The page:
Elevator Pitch: Dark Age Super-Heroes

Category: Cussin' In Tongues
Created on Thursday, 18 May 2017 Written by Steve

First, off, the Hex Gen Con schedule is up on our web site. Our games (especially Hobomancer) tend to fill up quickly, so register early if you want to make sure you get a spot. I'll be running 4 Cinemechanix playtests at GenCon this year, including one about today's topic: Shitty 90s comics. I just finished updating Team Force Alpha 37 to the newest version of the Cinemechanix playtest rules, and this week instead of a new post I'm sharing the whole Elevator Pitch. You can download Team Force Alpha 37 from my website and get the current playtest draft of the core rules (v1.3) by joining the Cinemechanix playtest group on Facebook. 

Here's an excerpt: 


Super-powered heroes have been around for most of the 20th Century. It started with the mystery men of the interwar era, who meted out justice from the shadows in dark alleyways and foggy city streets. During World War II, they were replaced by brightly-clad heroes who fought for truth, justice, and American way at home and overseas during the war and through the 1950s. Things got trippy in the 60s and the consciousness expansion experienced by many super-heroes encouraged them to tackle social and political issues. This new activism, coupled with the general sense of mistrust and malaise of the post-Watergate era, led to a backlash which gave rise to the gloomy, grim, and generally dickish super-heroes of the 1980s. Now it’s the 1990s, and things are about to get EXTREME!


In Team Force Alpha 37, players take on the roles of the anatomically improbable super-heroes who burst from the pages with teeth clenched and guns blazing to kick off the Dark Age of Comics.   

The Ficton

Team Force Alpha 37 is set in a standard “much like our own, but much weirder” super-hero world, but it’s a darker, grittier world than the super-hero settings of earlier eras. It’s a world of urban decay, rampant crime, vast conspiracies, and corrupt institutions.


Team Force Alpha 37 is made up of very powerful characters, so their adventures can easily span the whole world and beyond, but their headquarters and primary area of operations is Detroit. As the crime-ravaged rusting husk of a once-great city, Detroit provides the perfect backdrop for the ultra-violent adventures of a Dark Age super team.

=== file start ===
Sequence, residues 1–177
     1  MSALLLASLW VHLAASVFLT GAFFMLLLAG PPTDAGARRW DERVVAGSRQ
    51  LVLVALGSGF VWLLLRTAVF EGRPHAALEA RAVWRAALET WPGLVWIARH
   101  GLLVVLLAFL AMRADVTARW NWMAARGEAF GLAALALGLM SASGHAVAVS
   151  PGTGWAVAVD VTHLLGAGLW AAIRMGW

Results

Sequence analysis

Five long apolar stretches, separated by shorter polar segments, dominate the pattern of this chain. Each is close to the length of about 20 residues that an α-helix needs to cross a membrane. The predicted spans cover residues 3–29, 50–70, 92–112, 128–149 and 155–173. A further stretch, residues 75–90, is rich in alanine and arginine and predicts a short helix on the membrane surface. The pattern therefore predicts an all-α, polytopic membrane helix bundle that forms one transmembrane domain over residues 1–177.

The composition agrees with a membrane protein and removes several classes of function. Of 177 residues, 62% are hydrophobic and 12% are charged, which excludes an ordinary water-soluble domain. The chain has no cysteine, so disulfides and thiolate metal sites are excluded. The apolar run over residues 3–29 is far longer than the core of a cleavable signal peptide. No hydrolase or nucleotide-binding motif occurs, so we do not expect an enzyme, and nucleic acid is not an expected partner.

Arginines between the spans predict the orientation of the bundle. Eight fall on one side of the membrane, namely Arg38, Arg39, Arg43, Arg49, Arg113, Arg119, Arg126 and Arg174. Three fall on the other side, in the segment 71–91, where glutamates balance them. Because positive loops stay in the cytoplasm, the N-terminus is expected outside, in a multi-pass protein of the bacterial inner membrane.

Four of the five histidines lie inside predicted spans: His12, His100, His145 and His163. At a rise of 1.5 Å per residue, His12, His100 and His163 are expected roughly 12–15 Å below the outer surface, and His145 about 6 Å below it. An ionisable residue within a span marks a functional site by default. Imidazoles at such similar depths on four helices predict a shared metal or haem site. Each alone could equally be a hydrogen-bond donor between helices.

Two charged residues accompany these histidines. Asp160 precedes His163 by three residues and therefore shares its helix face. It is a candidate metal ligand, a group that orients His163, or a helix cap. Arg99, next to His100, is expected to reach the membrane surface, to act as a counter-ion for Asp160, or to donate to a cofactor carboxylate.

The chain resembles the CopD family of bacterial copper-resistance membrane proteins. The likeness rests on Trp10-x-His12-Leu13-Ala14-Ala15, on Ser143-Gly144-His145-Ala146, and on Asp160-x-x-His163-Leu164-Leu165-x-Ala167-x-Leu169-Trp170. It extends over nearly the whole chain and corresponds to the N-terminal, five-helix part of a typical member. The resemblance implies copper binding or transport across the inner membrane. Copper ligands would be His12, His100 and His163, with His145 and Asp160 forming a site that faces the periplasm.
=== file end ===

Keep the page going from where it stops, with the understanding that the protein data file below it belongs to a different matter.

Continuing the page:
Ficton Rules

  • Style is everything and action-packed badassery should be the top priority in every story. Substance is for wussies and Englishmen.

  • Everyone is cynical, filled with rage, grief-stricken, out for vengeance, or just kind of a dick. The character’s bad attitude is often due to some past trauma. Players are welcome to develop their characters’ tragic pasts, but shouldn’t feel compelled to do so. The veneer of character depth is all that’s really important. Things like self-examination and emotional catharsis just waste time that could be spent kicking ass.

  • Heroes should have few or no moral qualms about killing the bad guys. Or anyone who gets in their way. Or anyone who looks at them funny. Or puppies.  

  • Hero and villain names should be tough, kinetic-sounding, and poorly spelled. The 90s is no place for Professors and Lads, but violent or dark names that in earlier times would only be appropriate for villains are now perfectly acceptable for heroes.

  • Male heroes are ridiculously muscular, have enormous veins, and are often (in the words of Grant Morrison) “crisscrossed with a bewildering, non-functional tangle of straps, pouches, buckles, harnesses, and leather garter belts.” Scars and other minor disfigurements are common, as is stubble.

  • Female heroes are also anatomically improbable, with tiny waists that in our world would cause their spines to snap under the weight of their enormous breasts. Their costumes tend towards the stripperific.

  • Very few heroes have secret identities. The need for them is alleviated by the fact that the characters in Dark Age comics rarely have meaningful relationships with normal humans. Normal humans (especially lovers) may be part of a character’s tragic past, but within the scope of the game his most mundane friend is probably a grizzled black-ops agent with a cybernetic head.

  • Heroes with no or low-power superpowers make up for it with guns. Lots of guns.

  • Most weapons are ridiculously, impractically large.

  • Most super-powers are supernatural or technological in origin, and are typically gained through some Faustian bargain with an entity or organization that is at best amoral and probably outright evil.

  • The world is filled with shadowy organizations, evil corporations, and highly secretive government programs.


  • Comics of the 1990s (especially by the creators who founded Image Comics)

  • The Creators Universe trading card set by Dynamic (1993)

  • The films of Zack Snyder


Recommended Reading: The “Image Versus Substance” chapter of Supergods by Grant Morrison


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Elevator Pitch: Dark Age Super-Heroes .
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